Inspiration Leads to Innovation

The Raleigh Conference wasn’t just my first ASCFG event. It was a chance to meet Val Schirmer, Southeast Regional Director, for whom I credit my entry into selling flowers to a retail store.

I was a new member, having just joined in early 2017 on the recommendation of my friend and fellow flower farmer, Gail Zorn of Daybreak Flower Farm. In April 2017, I had grown a basic crop of tender annuals: sunflowers, zinnias, and gomphrena with low but consistent sales to wholesalers. The sales were just enough to keep me interested in continuing to grow flowers.

By the end of my first season in October, I received the fall issue of The Cut Flower Quarterly. I hadn’t read the previous one because I had been so busy, but I remembered the cost of my membership and said to myself, “I should read this”. I enjoyed the columns from each Regional Director but was especially interested to read Val’s article since I live in Georgia, part of her Region. Her article outlined increasing sales during slow times and how to achieve that through holiday sales.

My imagination was captured! Val very clearly and generously explained how she was successful by forcing amaryllis and paperwhites to bloom, making forcing kits, and assembling bulbs in burlap bags. It was a perfect blueprint for low, medium, and high price points. After I finished reading, I said to myself, “I can do that.”

I immediately registered for nearby holiday festivals scheduled for early December. I had to source everything at the retail level because I was starting so much later for the holiday season. I had no idea if this was going to work but wanted to give it a try. I followed up by researching where I was going to purchase terra cotta pots, soil, ribbon, and tags. I went to Home Depot for terra cotta pots; Michaels and Hobby Lobby for ribbon and pot covers; and a local grower outlet for bulbs. I put it all together for the first festival in Rutledge, Georgia.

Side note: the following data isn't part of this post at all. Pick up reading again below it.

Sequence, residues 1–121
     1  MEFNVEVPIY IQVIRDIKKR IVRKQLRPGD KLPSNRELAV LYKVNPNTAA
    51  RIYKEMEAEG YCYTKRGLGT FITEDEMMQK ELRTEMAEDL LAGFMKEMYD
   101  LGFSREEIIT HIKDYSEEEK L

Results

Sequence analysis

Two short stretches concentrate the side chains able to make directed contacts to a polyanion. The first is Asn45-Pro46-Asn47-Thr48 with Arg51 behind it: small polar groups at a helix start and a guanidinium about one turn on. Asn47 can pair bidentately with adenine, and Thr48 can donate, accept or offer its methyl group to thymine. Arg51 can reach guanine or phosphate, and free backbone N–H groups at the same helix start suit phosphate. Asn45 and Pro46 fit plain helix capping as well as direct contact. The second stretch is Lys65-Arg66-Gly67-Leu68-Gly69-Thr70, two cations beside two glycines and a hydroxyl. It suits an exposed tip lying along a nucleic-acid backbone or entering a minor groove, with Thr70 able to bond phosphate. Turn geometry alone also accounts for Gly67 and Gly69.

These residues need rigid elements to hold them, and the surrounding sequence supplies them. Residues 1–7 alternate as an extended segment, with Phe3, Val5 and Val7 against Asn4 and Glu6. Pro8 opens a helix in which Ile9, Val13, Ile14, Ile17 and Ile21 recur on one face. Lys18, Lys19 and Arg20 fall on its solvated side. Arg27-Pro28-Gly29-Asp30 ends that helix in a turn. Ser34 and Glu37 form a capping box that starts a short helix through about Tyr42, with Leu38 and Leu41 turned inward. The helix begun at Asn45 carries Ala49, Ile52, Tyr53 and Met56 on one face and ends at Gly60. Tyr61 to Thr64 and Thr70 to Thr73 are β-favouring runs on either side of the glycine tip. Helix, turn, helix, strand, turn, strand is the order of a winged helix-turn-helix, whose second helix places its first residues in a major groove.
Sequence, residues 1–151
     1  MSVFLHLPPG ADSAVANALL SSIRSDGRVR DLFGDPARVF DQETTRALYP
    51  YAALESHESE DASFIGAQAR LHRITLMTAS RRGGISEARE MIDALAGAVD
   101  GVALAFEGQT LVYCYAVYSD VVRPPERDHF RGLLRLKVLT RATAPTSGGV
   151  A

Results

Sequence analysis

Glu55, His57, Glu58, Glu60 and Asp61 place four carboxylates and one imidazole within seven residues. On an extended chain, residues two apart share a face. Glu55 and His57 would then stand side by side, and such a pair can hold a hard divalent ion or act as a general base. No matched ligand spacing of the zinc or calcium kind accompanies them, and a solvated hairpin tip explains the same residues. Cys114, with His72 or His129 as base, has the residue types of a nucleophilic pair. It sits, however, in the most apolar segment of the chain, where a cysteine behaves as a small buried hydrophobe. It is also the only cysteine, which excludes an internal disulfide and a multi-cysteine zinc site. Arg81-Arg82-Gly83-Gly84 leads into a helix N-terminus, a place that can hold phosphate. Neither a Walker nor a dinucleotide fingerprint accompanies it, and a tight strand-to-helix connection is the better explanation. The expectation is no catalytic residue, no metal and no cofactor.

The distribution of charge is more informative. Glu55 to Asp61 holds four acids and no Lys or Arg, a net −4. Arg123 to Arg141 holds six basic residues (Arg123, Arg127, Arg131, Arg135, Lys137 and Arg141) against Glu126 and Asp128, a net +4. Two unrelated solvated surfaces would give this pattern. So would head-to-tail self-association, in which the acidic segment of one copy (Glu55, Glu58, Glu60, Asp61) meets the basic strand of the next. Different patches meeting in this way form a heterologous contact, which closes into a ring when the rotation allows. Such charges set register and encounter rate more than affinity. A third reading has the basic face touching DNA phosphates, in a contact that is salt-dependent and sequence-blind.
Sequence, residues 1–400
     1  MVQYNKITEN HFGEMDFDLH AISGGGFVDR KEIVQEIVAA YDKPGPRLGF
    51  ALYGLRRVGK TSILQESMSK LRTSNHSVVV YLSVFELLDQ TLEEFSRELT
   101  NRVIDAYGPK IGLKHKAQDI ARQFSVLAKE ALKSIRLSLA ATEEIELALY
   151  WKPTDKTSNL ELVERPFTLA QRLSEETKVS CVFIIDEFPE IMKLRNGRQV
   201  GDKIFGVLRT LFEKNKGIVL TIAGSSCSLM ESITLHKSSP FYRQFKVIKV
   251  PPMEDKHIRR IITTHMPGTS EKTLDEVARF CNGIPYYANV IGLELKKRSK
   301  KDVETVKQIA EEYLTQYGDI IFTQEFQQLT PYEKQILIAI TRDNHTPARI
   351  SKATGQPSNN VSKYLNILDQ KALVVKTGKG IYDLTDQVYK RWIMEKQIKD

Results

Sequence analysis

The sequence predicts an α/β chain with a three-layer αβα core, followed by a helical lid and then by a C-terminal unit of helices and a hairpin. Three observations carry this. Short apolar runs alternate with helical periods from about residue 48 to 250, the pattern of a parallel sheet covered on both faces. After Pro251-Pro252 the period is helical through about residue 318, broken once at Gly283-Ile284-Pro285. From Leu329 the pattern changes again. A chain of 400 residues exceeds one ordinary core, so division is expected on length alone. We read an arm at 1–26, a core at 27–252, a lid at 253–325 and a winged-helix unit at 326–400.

One of the pleasures was to hear customers reminisce that their mother or grandmother would always buy a blooming amaryllis for Christmas. I didn’t sell out, but sold enough that I was looking forward to the next weekend, a local two-day festival.

That Monday, after the Rutledge festival, I happened to stop at Striplings, a local general store, for their chicken pot pie—a staple in our home. I’d shopped there over the years and noticed that they featured local vendors of bread, cakes, soaps, jams, and jellies.

Standing there at the cash register with my chicken pot pie I took a leap of faith and asked the cashier, “I have a local business. How do you get to be a vendor here?” She took me to meet the owner, Andrea. I showed her pictures of my products from the Rutledge festival, which she really liked. I was heartened because it felt as though I was babbling.